The prevalence and strength of these views within sections of the scholarly community suggest that quality concerns regarding mega-journals won’t go away. This is not helped by the fact that, at the bottom of the pile, are out-and-out “predatory” titles, willing to publish anything for an APC. Let the buyer beware! In many respects, however, the rise of the predatory journal is the inevitable downside of the lowering of barriers to market entry, which has enabled competition and promoted innovation.
One often forgotten aspect of this innovation is a second component to quality assessment adopted by mega-journals. This is quality assessment post-publication. Evidence of the community’s assessment is seen in its reception of an article – particularly in the use made of the article, the way it is cited and discussed. This can be shown in article-level metrics, which most mega-journals have promoted, while eschewing (publicly, at least) crude journal-level metrics such as the impact factor.
Developments such as this have given rise to further innovation. F1000 Research combines something like the mega-journal model with open post-publication peer review and comment. In the humanities and social sciences, a number of mega-journals have been set up, although they have found the APC model challenging for their contributors. SAGE Open accordingly charges very low APCs, while Open Library of the Humanities, originally set up as a Plos One for the humanities, has rejected the APC model entirely, and relies on sponsorship and membership. The notion of soundness-only peer review is also problematical in the humanities.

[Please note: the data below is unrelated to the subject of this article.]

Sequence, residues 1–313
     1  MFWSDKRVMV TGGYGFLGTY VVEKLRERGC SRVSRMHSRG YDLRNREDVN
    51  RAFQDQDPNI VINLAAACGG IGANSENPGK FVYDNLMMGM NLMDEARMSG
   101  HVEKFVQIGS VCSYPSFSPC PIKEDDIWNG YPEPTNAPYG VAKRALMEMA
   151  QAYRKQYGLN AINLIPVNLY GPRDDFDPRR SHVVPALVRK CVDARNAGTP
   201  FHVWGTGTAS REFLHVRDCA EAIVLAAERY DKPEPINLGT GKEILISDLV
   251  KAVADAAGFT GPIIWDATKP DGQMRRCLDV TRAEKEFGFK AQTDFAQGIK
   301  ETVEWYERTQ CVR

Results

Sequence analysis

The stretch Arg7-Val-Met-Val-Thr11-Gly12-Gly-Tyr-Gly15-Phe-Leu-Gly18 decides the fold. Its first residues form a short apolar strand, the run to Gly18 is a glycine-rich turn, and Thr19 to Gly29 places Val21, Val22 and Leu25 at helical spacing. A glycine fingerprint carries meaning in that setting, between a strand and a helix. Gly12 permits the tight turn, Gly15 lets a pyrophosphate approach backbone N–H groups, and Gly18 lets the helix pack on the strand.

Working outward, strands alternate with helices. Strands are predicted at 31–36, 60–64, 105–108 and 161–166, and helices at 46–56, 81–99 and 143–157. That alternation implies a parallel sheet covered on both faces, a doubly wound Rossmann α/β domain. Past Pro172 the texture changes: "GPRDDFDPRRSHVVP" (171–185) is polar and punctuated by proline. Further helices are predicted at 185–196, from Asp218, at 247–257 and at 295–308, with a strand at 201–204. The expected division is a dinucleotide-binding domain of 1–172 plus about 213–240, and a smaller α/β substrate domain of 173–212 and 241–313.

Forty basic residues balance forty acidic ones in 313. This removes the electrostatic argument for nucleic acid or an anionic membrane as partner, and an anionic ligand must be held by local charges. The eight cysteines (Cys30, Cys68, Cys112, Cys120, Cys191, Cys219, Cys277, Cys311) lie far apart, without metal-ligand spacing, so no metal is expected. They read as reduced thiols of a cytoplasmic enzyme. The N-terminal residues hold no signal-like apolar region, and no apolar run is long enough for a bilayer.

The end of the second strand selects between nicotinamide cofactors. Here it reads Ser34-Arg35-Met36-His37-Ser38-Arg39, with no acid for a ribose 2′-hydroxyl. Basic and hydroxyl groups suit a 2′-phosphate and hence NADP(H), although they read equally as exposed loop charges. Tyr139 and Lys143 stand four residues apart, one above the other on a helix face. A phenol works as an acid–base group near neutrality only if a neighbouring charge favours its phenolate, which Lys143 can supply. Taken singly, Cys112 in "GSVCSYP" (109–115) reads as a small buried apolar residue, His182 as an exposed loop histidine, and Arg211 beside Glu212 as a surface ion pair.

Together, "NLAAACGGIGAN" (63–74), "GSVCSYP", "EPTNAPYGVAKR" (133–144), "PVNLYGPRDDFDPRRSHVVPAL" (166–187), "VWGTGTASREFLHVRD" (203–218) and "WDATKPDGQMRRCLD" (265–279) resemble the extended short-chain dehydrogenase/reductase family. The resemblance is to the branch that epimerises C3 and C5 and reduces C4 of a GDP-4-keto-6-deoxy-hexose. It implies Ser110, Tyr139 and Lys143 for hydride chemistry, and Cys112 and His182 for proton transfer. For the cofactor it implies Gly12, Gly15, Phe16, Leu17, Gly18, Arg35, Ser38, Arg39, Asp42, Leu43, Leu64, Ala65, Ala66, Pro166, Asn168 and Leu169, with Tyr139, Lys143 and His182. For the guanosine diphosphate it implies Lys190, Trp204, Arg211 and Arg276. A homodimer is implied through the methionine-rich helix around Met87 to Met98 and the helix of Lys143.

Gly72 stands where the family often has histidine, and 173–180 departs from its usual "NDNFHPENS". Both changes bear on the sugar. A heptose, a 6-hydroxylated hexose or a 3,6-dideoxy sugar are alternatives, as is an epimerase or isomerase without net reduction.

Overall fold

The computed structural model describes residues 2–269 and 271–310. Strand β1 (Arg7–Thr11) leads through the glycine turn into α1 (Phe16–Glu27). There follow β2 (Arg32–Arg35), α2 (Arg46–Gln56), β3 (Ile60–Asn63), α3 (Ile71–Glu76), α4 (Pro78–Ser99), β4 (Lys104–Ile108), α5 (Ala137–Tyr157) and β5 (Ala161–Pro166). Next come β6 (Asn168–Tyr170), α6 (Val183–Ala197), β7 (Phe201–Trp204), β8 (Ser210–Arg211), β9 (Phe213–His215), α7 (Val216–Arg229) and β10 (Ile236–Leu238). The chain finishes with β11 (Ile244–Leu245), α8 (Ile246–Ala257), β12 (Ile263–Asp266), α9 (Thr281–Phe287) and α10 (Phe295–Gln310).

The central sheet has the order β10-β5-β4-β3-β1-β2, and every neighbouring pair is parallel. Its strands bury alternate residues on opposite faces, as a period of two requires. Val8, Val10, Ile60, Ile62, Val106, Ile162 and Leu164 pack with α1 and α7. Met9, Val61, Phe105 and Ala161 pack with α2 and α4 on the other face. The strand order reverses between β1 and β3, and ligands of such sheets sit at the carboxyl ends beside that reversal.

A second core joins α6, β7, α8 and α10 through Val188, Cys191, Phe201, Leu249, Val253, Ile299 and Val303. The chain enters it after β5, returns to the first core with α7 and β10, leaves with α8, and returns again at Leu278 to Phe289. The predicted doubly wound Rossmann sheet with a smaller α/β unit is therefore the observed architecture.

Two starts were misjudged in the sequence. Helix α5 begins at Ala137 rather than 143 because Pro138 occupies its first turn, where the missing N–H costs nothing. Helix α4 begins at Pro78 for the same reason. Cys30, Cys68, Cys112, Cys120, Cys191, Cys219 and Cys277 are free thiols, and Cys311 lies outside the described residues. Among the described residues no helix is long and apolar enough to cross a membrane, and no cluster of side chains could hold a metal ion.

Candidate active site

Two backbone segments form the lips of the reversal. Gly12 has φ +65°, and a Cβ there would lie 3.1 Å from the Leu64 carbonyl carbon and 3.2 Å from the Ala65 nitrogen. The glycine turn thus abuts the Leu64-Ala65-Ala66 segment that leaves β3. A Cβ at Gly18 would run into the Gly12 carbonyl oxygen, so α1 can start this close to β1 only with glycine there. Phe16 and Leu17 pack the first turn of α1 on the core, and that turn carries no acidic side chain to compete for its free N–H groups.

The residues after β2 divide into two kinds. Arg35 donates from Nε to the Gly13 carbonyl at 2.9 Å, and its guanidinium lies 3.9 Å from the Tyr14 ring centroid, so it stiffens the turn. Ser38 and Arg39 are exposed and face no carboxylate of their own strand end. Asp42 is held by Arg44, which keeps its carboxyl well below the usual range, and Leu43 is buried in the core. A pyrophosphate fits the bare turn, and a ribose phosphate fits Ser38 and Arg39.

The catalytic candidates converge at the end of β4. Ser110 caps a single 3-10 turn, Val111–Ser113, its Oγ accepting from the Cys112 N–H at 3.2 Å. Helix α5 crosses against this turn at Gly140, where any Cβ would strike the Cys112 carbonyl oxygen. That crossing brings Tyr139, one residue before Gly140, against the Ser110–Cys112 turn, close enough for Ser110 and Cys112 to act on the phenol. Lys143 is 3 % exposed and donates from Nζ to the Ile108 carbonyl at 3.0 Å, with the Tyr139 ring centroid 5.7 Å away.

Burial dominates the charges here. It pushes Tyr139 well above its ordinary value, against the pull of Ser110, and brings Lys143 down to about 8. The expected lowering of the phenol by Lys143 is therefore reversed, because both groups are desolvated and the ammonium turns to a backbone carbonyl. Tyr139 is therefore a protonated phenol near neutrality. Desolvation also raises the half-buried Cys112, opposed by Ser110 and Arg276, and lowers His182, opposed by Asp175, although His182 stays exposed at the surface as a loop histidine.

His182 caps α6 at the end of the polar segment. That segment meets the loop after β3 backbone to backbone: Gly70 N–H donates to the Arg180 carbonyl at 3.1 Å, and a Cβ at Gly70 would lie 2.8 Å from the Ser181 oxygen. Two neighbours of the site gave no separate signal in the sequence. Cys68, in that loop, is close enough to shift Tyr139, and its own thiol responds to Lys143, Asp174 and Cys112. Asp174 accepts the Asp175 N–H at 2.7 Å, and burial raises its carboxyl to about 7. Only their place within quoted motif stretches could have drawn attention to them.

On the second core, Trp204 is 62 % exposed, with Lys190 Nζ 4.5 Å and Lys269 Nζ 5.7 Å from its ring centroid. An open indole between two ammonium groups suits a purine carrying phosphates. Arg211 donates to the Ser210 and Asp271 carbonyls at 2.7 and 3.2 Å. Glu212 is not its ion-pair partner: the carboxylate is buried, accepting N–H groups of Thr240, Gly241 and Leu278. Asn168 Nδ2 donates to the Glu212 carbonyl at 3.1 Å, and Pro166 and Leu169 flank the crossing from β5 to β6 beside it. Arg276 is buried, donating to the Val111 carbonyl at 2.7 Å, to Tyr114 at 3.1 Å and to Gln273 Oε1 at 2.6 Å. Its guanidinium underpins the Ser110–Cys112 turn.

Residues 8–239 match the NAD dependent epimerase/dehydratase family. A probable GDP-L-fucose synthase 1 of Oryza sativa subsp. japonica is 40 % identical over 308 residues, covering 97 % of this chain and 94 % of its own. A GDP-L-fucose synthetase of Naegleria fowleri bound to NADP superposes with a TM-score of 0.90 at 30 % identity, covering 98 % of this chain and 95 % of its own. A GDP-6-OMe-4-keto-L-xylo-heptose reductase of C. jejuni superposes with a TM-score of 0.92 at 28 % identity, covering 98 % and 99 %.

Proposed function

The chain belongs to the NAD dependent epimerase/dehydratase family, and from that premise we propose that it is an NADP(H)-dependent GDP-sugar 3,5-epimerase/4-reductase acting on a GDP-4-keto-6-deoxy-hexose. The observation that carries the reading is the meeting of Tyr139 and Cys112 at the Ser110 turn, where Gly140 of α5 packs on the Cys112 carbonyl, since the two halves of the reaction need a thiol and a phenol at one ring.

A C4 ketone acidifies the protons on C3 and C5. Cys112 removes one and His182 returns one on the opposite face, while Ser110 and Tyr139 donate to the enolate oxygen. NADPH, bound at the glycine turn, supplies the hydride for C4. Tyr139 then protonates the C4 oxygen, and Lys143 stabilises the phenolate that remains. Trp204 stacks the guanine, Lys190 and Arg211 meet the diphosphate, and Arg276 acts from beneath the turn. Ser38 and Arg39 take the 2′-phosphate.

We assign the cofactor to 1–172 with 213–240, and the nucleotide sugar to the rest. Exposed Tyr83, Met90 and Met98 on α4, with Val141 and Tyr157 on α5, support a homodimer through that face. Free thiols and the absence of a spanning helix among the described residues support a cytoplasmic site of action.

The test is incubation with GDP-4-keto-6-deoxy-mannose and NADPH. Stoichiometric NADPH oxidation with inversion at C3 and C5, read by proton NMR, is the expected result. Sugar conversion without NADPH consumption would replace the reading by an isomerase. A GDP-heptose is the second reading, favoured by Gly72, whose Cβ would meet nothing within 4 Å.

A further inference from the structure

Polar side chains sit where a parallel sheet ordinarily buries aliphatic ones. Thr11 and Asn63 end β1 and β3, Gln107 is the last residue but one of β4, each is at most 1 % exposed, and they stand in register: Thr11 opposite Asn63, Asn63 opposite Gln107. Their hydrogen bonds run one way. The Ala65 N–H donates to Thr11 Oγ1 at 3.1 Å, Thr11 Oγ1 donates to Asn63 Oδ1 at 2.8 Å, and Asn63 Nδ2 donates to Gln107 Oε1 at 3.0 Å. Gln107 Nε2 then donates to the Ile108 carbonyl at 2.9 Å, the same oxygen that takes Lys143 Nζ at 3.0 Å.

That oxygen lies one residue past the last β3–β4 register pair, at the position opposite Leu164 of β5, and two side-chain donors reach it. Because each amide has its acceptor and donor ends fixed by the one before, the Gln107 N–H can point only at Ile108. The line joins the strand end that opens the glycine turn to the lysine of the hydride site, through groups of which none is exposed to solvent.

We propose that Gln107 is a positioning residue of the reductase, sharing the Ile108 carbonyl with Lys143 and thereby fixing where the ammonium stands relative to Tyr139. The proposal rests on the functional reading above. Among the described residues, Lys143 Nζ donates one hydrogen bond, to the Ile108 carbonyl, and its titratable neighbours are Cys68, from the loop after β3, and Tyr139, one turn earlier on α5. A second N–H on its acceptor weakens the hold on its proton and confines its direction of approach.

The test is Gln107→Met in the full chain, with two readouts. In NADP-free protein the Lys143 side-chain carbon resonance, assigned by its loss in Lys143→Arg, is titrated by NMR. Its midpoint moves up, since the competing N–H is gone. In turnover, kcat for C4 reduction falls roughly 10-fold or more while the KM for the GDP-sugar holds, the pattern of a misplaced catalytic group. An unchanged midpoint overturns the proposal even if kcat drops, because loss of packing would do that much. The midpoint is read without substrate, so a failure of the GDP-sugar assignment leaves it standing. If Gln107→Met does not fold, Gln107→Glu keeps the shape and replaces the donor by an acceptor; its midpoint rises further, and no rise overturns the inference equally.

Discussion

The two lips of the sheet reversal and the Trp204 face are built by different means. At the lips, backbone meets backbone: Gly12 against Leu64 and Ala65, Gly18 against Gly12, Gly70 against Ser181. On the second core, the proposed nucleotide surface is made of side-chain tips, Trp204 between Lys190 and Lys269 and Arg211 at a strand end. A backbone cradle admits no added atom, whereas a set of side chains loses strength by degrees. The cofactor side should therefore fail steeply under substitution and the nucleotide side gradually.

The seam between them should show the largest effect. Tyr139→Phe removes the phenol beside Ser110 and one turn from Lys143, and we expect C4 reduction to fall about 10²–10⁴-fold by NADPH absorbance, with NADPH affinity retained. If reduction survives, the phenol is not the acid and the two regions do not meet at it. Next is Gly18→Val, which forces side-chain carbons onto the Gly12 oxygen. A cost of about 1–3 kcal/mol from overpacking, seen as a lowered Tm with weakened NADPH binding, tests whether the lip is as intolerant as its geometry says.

What remains to be seen is whether mega-journals, as currently constituted, will prove to be a major innovation that contribute to the reshaping of research publishing in an increasingly open access world, or whether their real importance will lie in being a stepping stone to even more radical forms of scholarly communication. This will partly depend on the extent to which the open access “wild animal” will be domesticated. Signs of that already abound, meaning that any change is more likely to be incremental rather than disruptive.
It is, of course, possible that mega-journals will sink without trace: that probably applies to some of the current smaller hopefuls. But there does now seem to be momentum behind some of larger titles, which means they, at least, are likely to continue to prosper. In the short term, though, what is clear is that the battle to publish the largest journal in the world seems to be swinging towards a new form of a very old journal, Nature.
Stephen Pinfield is professor of information services management at the University of Sheffield. He is currently principal investigator on an AHRC-funded project investigating mega-journals and the future of scholarly communication.